Hungary said Friday it had arrested four people over the discovery of the decomposing bodies of 71 migrants, believed to be Syrian, in an abandoned truck in Austria.
Hungarian police said three of the suspects held over the latest grim tragedy involving migrants seeking refuge in Europe were Bulgarians and one was Afghan.
Thursday's grisly discovery of the truck on a motorway near the Slovakia and Hungary borders -- a rare occurrence on land, with most migrant deaths taking place at sea -- sent shockwaves through Europe.
The news of the arrests came as Libyan rescue workers recovered 76 bodies from yet another capsized boat in the Mediterranean crammed with people fleeing conflict and hardship in the Middle East and Africa.
The United Nations refugee agency, UNHCR, said as many as 200 people on two boats were feared dead near the western port of Zuwara.
Many of the victims were of Arab or African origin, a Pakistani teenager who survived by clinging to wreckage for nine hours told AFP.
- Likely suffocation -
Austrian police said the truck victims were likely fleeing the war in Syria and included a toddler and three young boys.
"Among these 71 people, there were 59 men, eight women and four children including a young girl one or two years old and three boys aged eight, nine or 10," police spokesman Hans Peter Doskozil told a news conference.
He said the time and cause of death still had to be determined but there was a "certain probability" they had suffocated.
Doskozil said those arrested included the owner of the vehicle and two drivers, and were likely "low-ranking members... of a Bulgarian-Hungarian human-trafficking gang".
A court on Saturday is to decide whether they can be detained beyond an initial 72-hour period.
Austria's public prosecutor Johann Fuchs said he would likely seek to have the suspects extradited.
On Friday evening, Hungarians held a vigil for the victims outside Budapest's main train station, where thousands of migrants have been sheltering for weeks.
Austrian motorway maintenance workers alerted police after noticing "decomposing body fluids" dripping from the truck, Doskozil said.
The police were confronted by an overpowering stench and a mass of tangled limbs and forensics experts worked all night to clear out the vehicle.
Television images showed flies buzzing around the back of the vehicle in the baking sun.
- 'Who will stop this madness?' -
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Austrian newspaper Kurier carried a black front page with the headline: "Who will stop this madness?"
German Chancellor Angela Merkel, in Austria Thursday for a summit with Balkan leaders on the migrant crisis, said those present were "shaken" by the news, which underscored the need to tackle the issue "quickly".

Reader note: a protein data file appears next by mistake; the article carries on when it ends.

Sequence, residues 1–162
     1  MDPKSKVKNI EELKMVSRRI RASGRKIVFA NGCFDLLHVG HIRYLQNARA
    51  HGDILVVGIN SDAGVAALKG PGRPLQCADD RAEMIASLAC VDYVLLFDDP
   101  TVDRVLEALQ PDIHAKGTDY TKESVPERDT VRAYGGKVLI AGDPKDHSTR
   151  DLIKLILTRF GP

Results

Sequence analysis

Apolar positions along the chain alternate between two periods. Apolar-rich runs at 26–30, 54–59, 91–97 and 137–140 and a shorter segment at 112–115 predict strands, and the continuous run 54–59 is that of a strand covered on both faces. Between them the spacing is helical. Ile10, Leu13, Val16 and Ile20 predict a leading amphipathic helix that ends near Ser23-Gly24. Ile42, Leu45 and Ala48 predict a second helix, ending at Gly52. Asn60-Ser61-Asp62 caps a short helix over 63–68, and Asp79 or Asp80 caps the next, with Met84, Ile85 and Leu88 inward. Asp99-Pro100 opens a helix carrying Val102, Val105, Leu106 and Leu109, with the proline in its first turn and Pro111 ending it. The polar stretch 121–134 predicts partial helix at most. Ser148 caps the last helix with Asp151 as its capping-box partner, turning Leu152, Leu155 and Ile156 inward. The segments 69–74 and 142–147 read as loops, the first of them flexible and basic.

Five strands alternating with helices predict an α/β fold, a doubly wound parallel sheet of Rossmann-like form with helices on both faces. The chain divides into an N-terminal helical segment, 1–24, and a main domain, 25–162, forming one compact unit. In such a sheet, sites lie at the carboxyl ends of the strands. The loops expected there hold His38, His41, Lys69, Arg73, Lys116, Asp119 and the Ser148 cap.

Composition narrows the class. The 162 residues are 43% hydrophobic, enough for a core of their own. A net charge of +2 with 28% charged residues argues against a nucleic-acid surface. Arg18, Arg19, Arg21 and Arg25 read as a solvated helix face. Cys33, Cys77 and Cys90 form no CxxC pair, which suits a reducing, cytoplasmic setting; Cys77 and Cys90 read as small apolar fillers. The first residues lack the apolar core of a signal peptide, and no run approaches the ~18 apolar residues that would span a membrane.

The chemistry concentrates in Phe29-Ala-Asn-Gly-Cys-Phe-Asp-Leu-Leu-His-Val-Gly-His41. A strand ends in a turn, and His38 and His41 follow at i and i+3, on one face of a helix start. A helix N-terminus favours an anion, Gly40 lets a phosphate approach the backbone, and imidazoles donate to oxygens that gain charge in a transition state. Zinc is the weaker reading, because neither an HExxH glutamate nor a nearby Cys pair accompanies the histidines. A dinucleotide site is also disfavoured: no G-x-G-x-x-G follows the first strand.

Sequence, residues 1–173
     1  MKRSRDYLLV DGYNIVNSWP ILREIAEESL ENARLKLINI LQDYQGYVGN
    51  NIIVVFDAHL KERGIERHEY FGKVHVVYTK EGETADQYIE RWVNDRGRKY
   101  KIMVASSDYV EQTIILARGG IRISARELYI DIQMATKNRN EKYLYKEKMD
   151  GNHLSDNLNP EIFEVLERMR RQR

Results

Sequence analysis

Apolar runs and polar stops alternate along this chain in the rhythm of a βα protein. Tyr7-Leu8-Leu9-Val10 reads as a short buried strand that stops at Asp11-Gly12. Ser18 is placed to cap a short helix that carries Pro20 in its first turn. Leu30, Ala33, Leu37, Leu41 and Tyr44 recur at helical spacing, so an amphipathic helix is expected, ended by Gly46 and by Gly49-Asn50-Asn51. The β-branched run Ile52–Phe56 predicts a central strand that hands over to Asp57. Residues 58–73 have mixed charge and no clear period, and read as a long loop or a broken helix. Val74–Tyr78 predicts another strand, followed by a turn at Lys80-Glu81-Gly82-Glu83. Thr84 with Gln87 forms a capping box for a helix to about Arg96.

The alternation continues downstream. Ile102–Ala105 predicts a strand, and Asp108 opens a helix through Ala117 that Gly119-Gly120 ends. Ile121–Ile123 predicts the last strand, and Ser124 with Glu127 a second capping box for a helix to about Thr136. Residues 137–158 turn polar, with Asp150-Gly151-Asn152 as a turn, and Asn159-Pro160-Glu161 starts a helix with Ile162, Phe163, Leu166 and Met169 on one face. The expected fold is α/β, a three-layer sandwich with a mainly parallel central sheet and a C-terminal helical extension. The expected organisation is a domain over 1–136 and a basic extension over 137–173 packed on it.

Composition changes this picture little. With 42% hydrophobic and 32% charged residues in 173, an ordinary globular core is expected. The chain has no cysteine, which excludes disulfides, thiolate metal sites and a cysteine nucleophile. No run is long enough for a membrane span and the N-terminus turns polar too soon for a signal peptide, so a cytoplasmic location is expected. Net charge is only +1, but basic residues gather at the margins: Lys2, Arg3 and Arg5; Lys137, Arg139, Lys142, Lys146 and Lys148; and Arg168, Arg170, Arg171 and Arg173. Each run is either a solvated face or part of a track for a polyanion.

On Friday, she said that EU leaders could hold a special summit on the crisis, "to take certain decisions"
So far European Union leaders have struggled to speak with one voice on the situation, with many governments fearful of being seen as too accommodating to the newcomers given widespread anti-migrant sentiments.
On Friday, a German court on Friday reinstated a weekend ban on public gatherings in an eastern town hit by violent far right anti-migrant protests, overturning an earlier decision that found the restriction to be "illegal".
Explaining the ban in Heidenau, which included counter rallies in support of refugees, authorities said they could not ensure public safety.
- 300,000 people cross Med -
Over 2,500 men, women and children have drowned trying to reach Europe this year, out of more than 300,000 people estimated by the UN to have made the voyage.
In the latest disaster at sea, at least 76 people died Thursday after a boat carrying hundreds of migrants sank off the coast of Libya, a spokesman for the Libyan Red Crescent said, with 198 rescued.
The drownings came a day after a Swedish ship found 52 bodies in the hold of a wooden boat found drifting off Libya.
But the truck deaths in Austria have shown that even when migrants make it across the Mediterranean, their troubles are far from over, with many putting their fate in the hands of profit-hungry people smugglers.
"If the stink from our car parks gets stronger perhaps we will finally understand, not just in Austria... that it is time to create safe routes to Europe, fast registration and a swift and a fair sharing out (of migrants)," said Amnesty International's Austrian chief Heinz Patzelt.
- Stiffer penalties for border jumpers -
The victims in Austria were likely among the more than 100,000 people to have trekked up through the western Balkans into EU member Hungary this year.
From Hungary, which is laying a barbed-wire barrier along its border with Serbia to try keep migrants out, many try to make it to richer nations like Germany and Sweden.
On Friday, Hungary's government proposed stiffer penalties for border jumpers and people smugglers, including a three-year jail term for those caught breaching the new fence.
"We passed by sea. And the sea was just a game playing with our lives," said Lashkari, a 30-year-old Afghan picked up by Hungarian border police Thursday after travelling for 30 days.
"I dont think we've reached our final destination yet because after this we don't know where do we go," he told AFP.